• What “They” Say: An Encouragement To Those Involved in Church Planting

    • Shea Duncan
    • .
    • November 7, 2018
    • .
    • 0
    • .
    • blog, church plant, church planting, denver, multiply churches,

    A guest blog written by Allie Hobbs, the wife of a church planter in Denver that Calvary’s X150 movement is partnering with. If you’ve ever thought about church planting, these words are for you!

     

     

    You’ve heard it said a million times in a million different ways: “Well, they say…”

    The illusive they has a lot more sway over our lives than we give the mysterious pronoun credit for, and the area of church planting is no exception.
    They say to be confident in your calling and they say you should try to talk yourself out of church planting.
    They say you’ll see God do incredible things and they say that it is likely you will fail.
    They say to live in authentic, joyful community with people and they say people will hurt you.
    They say to give it all you have and they say to create boundaries to protect your family.
    They say. They say. They say.

    Although they can be wise and might actually be correct, they can also be confusing, distracting, and contradicting.

    For the past several years, my husband, myself, and a beautiful team of people have been on a journey to see God birth a new church in a city where few people know and follow Jesus. In the midst of this experience we’ve heard a lot of theys say a lot of different things to us. But God, in His kindness, has pushed us to His word, to hear what He has to say.

    So, what does God say to church planters? To their wives and families? To newly established churches? In what way does God want to encourage people who might be considering church planting?

    In looking at the New Testament, you see that the apostle Paul, a master church planter himself, wrote many letters to various church leaders and to specific church plants. Although the content of the letters is specific to the churches, leaders, and their needs, the greeting from God is always the same: grace and peace.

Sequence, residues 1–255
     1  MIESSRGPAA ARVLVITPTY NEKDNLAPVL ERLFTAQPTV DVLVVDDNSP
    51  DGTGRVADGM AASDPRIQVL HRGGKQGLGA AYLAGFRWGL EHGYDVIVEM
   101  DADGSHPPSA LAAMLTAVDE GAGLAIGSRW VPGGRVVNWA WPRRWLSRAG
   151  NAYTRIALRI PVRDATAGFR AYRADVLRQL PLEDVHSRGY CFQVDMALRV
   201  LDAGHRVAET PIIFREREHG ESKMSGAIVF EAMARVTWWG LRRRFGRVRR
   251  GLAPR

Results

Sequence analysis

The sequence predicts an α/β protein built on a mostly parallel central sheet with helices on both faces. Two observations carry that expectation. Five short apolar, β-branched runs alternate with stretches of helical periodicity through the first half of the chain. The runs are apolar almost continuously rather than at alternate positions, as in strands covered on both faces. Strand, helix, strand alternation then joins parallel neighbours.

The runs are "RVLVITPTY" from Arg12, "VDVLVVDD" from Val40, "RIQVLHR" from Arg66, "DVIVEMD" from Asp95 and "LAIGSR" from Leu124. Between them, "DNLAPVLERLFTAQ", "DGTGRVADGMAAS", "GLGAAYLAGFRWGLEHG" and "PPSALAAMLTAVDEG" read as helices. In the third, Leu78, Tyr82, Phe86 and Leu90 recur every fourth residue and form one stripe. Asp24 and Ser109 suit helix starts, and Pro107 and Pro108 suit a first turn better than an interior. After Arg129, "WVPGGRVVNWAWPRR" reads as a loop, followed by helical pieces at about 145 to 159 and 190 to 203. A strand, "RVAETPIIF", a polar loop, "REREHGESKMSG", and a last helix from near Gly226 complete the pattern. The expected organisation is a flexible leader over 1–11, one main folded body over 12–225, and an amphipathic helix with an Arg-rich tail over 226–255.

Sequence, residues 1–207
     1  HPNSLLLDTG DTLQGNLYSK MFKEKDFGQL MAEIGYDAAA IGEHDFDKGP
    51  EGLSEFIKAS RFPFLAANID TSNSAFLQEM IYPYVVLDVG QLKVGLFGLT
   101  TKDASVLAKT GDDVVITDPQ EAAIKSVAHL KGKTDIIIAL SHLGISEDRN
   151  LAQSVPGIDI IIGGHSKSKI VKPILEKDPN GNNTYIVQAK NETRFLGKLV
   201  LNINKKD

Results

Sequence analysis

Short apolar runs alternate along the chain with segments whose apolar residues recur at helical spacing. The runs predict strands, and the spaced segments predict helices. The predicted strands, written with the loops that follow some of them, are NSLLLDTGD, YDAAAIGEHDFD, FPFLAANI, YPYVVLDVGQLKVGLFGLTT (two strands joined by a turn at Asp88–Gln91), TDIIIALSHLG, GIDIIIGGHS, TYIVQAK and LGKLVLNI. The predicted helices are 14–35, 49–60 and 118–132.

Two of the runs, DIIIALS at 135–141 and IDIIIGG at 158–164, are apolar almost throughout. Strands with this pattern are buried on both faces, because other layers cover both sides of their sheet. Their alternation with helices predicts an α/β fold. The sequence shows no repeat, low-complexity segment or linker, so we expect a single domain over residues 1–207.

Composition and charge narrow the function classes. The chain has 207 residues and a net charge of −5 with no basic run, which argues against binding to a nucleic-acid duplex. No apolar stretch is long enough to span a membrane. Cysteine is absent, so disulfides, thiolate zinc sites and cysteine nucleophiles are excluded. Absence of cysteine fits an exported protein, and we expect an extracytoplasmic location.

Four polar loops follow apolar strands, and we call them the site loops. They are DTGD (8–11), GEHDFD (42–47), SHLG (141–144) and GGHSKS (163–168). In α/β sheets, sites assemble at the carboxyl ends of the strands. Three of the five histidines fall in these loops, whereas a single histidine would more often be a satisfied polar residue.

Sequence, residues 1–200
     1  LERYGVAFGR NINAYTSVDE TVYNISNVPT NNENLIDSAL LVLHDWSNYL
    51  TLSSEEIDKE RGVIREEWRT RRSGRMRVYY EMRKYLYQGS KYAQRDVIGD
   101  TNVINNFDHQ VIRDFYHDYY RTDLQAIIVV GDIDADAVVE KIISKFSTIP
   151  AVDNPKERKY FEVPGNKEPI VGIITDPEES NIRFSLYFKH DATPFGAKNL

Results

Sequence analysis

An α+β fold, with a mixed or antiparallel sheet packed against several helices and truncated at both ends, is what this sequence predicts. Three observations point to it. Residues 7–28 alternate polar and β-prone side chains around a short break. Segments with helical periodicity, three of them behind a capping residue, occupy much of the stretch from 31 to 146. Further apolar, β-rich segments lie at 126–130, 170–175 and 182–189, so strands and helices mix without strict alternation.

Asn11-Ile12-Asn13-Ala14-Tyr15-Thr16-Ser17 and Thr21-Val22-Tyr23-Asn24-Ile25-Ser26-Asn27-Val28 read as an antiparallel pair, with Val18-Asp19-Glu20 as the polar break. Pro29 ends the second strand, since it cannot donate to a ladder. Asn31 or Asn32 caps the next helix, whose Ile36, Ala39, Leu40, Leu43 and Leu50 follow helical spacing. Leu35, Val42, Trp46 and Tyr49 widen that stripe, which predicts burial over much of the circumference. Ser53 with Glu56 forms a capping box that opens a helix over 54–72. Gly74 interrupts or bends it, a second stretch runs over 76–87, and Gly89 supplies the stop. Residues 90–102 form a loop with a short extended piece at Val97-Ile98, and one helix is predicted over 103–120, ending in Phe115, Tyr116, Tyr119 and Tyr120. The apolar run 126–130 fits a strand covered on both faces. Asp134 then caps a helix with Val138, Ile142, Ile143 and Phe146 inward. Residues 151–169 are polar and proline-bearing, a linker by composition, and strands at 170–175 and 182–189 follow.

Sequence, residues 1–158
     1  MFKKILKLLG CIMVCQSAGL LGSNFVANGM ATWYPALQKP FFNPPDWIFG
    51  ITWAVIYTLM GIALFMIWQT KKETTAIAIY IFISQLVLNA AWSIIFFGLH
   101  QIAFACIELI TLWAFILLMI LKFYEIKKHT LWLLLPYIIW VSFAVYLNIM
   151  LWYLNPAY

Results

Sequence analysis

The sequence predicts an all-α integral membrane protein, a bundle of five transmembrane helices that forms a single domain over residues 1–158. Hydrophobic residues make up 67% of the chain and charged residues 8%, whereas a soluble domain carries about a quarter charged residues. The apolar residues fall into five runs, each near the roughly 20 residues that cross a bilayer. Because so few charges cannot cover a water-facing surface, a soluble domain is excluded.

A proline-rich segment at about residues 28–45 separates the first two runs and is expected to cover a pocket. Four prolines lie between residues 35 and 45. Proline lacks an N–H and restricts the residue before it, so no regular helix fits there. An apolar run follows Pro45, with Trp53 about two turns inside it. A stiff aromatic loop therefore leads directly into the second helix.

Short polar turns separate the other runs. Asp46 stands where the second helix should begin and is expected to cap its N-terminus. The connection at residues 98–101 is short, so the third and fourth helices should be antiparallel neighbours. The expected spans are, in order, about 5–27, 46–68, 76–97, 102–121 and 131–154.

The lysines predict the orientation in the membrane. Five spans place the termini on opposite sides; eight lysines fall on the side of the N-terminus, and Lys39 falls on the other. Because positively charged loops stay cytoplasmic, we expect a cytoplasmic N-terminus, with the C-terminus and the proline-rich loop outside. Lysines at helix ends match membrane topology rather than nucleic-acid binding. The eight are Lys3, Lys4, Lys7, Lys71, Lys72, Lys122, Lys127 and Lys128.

“…Grace to you and peace from God our Father and the Lord Jesus Christ.” Romans 1:7
    “Grace to you and peace from God our Father and the Lord Jesus Christ.” 1 Corinthians 1:3
    “Grace to you and peace from God our Father and the Lord Jesus Christ.” 2 Corinthians 1:2
    “Grace to you and peace from God our Father and the Lord Jesus Christ…” Galatians 1:3
    “Grace to you and peace from God our Father and the Lord Jesus Christ.” Ephesians 1:2
    “Grace to you and peace from God our Father and the Lord Jesus Christ.” Philippians 1:2
    “Grace to you and peace from God our Father.” Colossians 1:2
    “To the church of the Thessalonians in God the Father and the Lord Jesus Christ. Grace to you and peace.” 1 Thessalonians 1:1
    “Grace to you and peace from God our Father and the Lord Jesus Christ.” 2 Thessalonians 2:2
    “…Grace, mercy, and peace from God the Father and Christ Jesus our Lord.” 1 Timothy 1:2
    “…Grace, mercy, and peace from God the Father and Christ Jesus our Lord.” 2 Timothy 1:2
    “…Grace and peace from God the Father and Christ Jesus our Savior.” Titus 1:4
    “Grace to you and peace from God our Father and the Lord Jesus Christ.” Philemon 3

    What was the initial word from God over and over again to these new, imperfect churches with fragile pastors and insecure wives and
    unpredictable teams? Grace and peace. Before anything else, Paul wants these churches to know that God’s grace and peace meets them first.

    God first reminds these church plants, and us today, that before we are anything else, we are recipients of His grace. This good news that it is not in our own efforts that we earn God’s favor, sets the stage for the encouragement, instruction, and correction that is to come. In this brief greeting, God is so gently reminding us that we are secure because of Jesus—he meets us first with grace.

    But with one more simple word, God goes even further with his encouragement. He reminds us that grace leads to peace. When anxiety, fear, insecurity, and uncertainty seem to win the game of life over and over again, God greets us with the opposite—peace. The gospel tells us that we are saved by grace through faith, and in turn, that leads us into a life of peace with God and with others. Therefore, our status before the God of the universe is one of security and peace.

    In the world of church planting, the tendency is to be a doer which leads to a lot of worry. Did we hang enough door hangers? Did we engage our neighbors authentically? Did we greet people with hospitality? Is our membership growing numerically and spiritually? Am I equipped to be a pastor? Do I fit the church planting wife mold? Are our kids missing out?

    These questions are good and valid, but if they are rooted in a sense of achievement and anxiety, we’ve missed God’s gentle whisper of grace and peace to us in this glorious endeavor. Church planting, and the Christian life, should be approached out of a place of grace and peace because that’s the word that God gives to us first.

    In an effort to not be another illusive they, hear God’s words to churches, church planters, wives of church planters, and you: grace and peace.

    -Allie Hobbs

    We want to be a multiplying church, sending out people to join and start church plants, and we wanted you to hear from someone who has been there and knows what it’s really like. Allie and her family, along with other church planters Calvary supports, will be here this Sunday, 11/11, to be introduced to the Calvary family and share more!